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Arctic Yearbook 2012
A Polish Arctic Policy?
Long-standing scientific activity is a crucial foundation of Polish presence and foreign policy in the
Arctic, which might be characterized as a continuous exchange between science and diplomacy, with
primacy on the former one. This aptly illustrates the Polish approach to polar affairs, which is based
entirely on the scientific interests and thus does not involve either controversial or challenging issues
in relations with the Arctic states (Eyres, 2010) nor excessive ambitions with regard to Arctic politics.
Given the Arctic states’ reluctance towards external entities, notably within the AC, it seems
pertinent to build confidence, transparency and mutual understanding. One way to achieve this is to
define the role(s) and formulate statements of interest. The processes unfolding in the Arctic may
affect Poland’s political, security, and institutional environments (Osica, 2010: 8;
uszczuk, 2011b: 1)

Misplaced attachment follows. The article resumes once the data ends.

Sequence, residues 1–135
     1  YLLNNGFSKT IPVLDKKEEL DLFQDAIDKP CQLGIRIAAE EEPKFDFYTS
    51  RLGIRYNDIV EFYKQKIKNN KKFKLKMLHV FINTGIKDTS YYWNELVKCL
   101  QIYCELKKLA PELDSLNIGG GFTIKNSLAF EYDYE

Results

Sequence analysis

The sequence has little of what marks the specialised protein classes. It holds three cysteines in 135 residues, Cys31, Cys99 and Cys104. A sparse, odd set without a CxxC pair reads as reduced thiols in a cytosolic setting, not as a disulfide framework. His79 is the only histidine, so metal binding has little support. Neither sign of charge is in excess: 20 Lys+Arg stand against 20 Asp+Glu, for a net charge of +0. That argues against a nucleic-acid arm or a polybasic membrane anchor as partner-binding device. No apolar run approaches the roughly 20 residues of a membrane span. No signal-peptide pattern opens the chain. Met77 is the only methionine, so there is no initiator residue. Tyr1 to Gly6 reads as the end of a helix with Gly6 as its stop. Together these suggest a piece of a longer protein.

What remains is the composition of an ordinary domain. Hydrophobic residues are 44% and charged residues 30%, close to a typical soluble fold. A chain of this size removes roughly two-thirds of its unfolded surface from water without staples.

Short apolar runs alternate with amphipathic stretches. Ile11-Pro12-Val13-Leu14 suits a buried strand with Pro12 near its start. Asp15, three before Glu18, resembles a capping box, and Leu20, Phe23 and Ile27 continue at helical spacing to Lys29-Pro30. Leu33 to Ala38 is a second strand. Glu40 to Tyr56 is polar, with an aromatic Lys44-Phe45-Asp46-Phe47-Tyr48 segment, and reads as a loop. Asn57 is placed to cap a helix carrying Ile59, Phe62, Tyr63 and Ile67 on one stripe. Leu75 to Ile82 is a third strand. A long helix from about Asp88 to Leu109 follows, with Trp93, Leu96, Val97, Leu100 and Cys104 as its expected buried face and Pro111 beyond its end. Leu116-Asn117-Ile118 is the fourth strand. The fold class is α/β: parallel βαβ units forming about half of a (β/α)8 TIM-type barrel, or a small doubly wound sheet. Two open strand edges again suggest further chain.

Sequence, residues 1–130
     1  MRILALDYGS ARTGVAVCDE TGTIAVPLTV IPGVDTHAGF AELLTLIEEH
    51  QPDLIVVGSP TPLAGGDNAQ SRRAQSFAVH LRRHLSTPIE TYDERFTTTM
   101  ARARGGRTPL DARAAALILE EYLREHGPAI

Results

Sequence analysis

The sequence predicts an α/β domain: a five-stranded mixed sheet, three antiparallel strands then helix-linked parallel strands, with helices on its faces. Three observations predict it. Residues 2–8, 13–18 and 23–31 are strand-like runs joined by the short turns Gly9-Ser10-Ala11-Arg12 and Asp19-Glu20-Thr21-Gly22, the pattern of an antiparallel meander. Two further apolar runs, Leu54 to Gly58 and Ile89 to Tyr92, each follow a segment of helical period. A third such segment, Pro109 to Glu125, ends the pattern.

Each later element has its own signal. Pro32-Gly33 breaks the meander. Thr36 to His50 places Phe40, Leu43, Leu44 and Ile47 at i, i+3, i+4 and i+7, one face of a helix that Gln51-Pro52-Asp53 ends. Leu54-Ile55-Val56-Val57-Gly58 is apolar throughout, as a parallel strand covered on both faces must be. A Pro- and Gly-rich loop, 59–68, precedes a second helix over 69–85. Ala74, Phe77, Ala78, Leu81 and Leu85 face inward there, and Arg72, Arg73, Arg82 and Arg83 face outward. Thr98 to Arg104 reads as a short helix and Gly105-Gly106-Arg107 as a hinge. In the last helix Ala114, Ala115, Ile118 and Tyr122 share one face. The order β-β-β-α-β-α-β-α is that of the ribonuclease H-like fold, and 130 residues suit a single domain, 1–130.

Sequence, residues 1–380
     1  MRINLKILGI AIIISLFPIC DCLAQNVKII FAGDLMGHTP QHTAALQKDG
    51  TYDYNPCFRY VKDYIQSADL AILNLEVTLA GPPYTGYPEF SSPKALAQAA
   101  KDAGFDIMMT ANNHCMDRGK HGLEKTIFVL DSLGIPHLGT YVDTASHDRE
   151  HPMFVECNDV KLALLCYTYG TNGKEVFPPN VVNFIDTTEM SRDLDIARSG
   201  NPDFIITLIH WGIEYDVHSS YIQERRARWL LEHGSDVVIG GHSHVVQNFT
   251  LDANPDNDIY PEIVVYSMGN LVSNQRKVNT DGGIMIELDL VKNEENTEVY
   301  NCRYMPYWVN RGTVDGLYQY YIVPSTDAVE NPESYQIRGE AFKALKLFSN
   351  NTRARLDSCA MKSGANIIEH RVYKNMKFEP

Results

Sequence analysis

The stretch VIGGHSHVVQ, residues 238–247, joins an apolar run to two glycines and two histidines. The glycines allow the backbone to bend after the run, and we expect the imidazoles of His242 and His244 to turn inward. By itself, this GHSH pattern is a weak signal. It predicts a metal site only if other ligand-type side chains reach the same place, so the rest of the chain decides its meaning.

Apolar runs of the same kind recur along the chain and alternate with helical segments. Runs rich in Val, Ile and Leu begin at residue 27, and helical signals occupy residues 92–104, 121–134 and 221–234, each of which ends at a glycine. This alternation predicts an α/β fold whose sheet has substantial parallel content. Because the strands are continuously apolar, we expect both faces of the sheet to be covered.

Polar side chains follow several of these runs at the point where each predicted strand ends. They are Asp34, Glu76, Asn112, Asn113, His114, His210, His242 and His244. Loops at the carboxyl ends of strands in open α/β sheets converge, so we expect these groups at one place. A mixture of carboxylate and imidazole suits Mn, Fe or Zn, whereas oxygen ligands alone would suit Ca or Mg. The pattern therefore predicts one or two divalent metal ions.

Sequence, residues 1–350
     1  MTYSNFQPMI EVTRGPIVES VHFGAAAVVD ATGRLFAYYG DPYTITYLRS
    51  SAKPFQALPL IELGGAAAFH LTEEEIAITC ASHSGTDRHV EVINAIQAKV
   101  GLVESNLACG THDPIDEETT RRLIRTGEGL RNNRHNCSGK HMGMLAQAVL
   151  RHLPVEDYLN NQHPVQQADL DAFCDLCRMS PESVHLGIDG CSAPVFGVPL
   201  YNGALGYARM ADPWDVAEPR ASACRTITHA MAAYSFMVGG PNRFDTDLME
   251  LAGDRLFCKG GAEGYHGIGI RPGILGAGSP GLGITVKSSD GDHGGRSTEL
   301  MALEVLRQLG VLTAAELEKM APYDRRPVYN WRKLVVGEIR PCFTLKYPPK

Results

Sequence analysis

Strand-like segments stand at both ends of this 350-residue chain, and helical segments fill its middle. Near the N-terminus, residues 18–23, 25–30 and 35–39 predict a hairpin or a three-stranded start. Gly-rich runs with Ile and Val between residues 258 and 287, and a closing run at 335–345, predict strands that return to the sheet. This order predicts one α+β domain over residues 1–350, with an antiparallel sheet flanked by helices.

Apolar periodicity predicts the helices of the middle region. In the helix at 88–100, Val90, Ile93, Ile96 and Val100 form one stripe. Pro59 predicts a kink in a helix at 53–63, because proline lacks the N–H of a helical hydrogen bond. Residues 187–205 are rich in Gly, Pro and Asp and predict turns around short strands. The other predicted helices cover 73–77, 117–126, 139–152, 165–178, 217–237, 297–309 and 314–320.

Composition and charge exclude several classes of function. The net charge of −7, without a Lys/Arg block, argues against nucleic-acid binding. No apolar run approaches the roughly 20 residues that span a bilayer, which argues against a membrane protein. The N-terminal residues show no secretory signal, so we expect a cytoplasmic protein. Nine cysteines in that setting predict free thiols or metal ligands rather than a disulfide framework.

creating a need to adopt an adequate position. However, it is important that such a document would
not be just a passive and derivative policy built on the priorities of organizations such as EU and
NATO, but rather an active and conscious policy process meeting Polish capabilities and aspirations.
Not taking action would likely result in Poland losing direct influence on the factors and processes
shaping its international environment (
uszczuk, 2011a: 130). Moreover, a well-defined policy might
facilitate carrying out coherent and coordinated actions by various Polish institutions. In the latter
context, the concept of a Polish polar policy in relation to scientific research in the Arctic and
Antarctic is not entirely new and can be traced back to the 1970s and 1980s, when the Council of
Ministers passed a number of resolutions establishing a legal framework for Polish research activity
in polar regions (Machowski, 1993: 205).
Over the past four years
a great deal of effort has been made to develop a Polish approach to the
polar regions. A closer inspection of official statements (Kremer, 2008; Borkowski, 2010, 2011;
Szpunar, 2011) reveals that the issue and focus areas have varied during this period. Nevertheless,
they now seem to have crystallized and may well become central points in an officially formulated
document in the near future. Importantly, it will most likely cover both polar regions, bearing in
mind all the differences between them (Szpunar, 2011). Key aspects of a possible Polish polar policy
will include freedom of scientific research; role of observers in the AC; EU efforts to be granted
Observer status; compliance with international law and norms; and development of the EU Arctic
Policy and public diplomacy (Kremer 2008; Borkowski 2010, 2011; Szpunar, 2011).